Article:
National Trust of South Australia 50th year history
Carol Cosgrove and Susan Marsden wrote this entry as the second chapter in their book Challenging Times, the 50th anniversary history of the National Trust of South Australia. The idea for a South Australian National Trust drew on the formation of the ‘National Trust for Places of Historical or Scientific Beauty’ in England, the world’s first National Trust. There were efforts to form a Trust prior to 1955 and agitators were concerned to preserve significant parts of both the natural and historic built environment in South Australia. The catalyst for the Trust’s eventual formation was Premier Sir Thomas Playford’s decision to overturn a decision to proclaim a large part of the Younghusband Peninsula a bird sanctuary. The National Trust of South Australia, established in 1955, was the second branch of the National Trust to be set up in Australia after New South Wales, and was the first Australian branch to be incorporated under an Act of Parliament.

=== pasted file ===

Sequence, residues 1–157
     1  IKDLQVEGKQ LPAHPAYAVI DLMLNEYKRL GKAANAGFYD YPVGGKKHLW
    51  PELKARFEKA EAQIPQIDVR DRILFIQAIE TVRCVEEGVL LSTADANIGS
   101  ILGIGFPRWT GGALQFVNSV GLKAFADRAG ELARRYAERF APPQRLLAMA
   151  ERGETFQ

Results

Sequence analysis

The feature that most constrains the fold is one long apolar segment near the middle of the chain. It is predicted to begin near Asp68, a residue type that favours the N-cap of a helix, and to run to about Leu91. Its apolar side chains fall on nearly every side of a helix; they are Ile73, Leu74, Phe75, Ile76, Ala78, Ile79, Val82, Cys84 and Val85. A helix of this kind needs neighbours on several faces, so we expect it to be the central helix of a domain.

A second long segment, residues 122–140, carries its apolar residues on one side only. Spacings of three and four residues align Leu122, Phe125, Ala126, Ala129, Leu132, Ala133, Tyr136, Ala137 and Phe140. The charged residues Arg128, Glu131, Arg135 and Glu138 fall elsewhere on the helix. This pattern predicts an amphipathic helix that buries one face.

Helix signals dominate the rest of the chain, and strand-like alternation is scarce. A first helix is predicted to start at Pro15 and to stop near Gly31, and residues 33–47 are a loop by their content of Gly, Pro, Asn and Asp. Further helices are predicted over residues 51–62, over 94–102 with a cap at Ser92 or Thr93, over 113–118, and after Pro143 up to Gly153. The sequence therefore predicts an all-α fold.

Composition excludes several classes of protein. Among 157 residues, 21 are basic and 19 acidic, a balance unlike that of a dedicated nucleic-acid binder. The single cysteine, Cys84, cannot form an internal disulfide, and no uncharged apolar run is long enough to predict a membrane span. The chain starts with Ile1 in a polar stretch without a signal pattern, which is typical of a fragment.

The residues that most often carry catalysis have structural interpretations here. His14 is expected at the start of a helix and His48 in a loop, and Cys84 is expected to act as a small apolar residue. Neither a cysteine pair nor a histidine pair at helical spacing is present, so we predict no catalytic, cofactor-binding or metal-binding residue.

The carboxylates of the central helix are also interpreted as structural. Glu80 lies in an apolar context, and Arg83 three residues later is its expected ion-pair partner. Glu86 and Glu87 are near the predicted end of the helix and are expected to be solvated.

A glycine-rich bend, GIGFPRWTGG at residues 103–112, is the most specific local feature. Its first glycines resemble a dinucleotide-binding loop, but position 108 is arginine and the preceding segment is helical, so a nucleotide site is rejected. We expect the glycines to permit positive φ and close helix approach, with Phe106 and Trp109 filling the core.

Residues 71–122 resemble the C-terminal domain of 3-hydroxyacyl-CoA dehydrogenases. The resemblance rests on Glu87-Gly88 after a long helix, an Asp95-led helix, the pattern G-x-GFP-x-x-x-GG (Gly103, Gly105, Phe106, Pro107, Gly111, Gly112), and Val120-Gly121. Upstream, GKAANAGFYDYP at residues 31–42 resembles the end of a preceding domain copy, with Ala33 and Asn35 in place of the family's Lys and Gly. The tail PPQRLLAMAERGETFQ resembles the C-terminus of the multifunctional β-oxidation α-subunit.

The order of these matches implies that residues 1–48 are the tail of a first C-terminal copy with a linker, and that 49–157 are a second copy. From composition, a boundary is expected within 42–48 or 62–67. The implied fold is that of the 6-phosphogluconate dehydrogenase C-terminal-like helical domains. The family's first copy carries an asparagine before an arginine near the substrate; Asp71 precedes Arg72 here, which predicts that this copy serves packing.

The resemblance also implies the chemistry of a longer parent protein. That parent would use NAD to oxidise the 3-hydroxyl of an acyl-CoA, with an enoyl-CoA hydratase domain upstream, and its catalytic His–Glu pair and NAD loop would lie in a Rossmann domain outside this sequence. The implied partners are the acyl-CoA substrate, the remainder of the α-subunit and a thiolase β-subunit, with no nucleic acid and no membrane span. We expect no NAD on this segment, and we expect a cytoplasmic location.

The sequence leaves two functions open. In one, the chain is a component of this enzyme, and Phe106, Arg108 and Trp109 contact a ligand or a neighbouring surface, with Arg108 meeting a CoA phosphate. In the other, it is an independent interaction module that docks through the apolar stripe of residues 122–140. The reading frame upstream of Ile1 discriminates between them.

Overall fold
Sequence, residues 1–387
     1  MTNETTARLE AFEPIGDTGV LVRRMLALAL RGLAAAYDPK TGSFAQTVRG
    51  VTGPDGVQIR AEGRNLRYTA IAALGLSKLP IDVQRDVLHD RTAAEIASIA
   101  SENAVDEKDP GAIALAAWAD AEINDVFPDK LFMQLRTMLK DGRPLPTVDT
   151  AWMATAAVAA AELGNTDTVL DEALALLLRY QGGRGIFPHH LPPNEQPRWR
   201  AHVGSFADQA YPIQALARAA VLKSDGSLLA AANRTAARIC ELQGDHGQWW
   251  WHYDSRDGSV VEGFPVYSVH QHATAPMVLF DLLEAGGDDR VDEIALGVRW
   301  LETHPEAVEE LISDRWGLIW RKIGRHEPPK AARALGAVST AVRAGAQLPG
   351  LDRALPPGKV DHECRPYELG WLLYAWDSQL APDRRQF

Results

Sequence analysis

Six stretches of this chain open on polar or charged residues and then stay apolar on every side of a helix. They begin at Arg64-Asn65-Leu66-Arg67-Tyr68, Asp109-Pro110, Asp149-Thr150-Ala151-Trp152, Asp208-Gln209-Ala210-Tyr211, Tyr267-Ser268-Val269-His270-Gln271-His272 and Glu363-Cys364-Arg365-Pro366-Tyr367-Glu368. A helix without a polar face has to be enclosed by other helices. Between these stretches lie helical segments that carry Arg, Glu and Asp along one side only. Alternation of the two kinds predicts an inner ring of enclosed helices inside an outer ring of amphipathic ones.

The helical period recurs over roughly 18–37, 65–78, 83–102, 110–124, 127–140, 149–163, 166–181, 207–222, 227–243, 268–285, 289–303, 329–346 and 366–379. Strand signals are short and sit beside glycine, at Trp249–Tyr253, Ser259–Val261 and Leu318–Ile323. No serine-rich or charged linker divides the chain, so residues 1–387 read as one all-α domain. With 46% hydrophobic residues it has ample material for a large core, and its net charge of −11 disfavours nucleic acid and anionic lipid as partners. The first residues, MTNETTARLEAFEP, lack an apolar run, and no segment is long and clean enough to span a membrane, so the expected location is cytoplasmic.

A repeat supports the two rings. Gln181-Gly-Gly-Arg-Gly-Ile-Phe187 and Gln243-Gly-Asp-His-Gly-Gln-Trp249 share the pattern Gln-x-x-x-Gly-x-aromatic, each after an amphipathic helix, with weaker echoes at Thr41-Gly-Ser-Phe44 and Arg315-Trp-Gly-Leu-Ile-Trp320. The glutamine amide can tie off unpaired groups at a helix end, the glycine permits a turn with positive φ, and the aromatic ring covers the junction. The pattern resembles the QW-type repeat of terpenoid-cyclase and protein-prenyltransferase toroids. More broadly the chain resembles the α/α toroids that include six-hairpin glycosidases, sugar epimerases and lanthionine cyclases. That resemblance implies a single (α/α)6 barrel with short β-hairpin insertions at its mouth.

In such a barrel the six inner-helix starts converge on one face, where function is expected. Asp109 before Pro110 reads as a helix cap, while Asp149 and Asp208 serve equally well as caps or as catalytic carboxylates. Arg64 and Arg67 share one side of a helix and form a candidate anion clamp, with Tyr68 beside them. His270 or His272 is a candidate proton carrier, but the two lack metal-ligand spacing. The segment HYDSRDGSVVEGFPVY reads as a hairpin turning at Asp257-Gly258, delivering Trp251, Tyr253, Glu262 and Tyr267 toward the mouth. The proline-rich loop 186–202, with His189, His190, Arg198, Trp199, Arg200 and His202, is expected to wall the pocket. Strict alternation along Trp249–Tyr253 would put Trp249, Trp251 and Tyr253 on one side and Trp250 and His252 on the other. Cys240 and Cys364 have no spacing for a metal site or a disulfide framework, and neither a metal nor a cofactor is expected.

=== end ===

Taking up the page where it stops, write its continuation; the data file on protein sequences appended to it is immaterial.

Challenging Times covers the period from the National Trust’s formation in 1955 to the 50th anniversary in 2005. The book includes chronologies at the beginning of each chapter and information on the formation and work of its many branches.
The authors acknowledge and thank the National Trust of South Australia for permission to reproduce this history from Challenging Times.
Carol Cosgrove and Susan Marsden, ‘Chapter 2 Groundwork, 1955-64’, in Challenging Times, National Trust of South Australia 50th Year History, National Trust of South Australia, Adelaide, 2005, pp 25–50.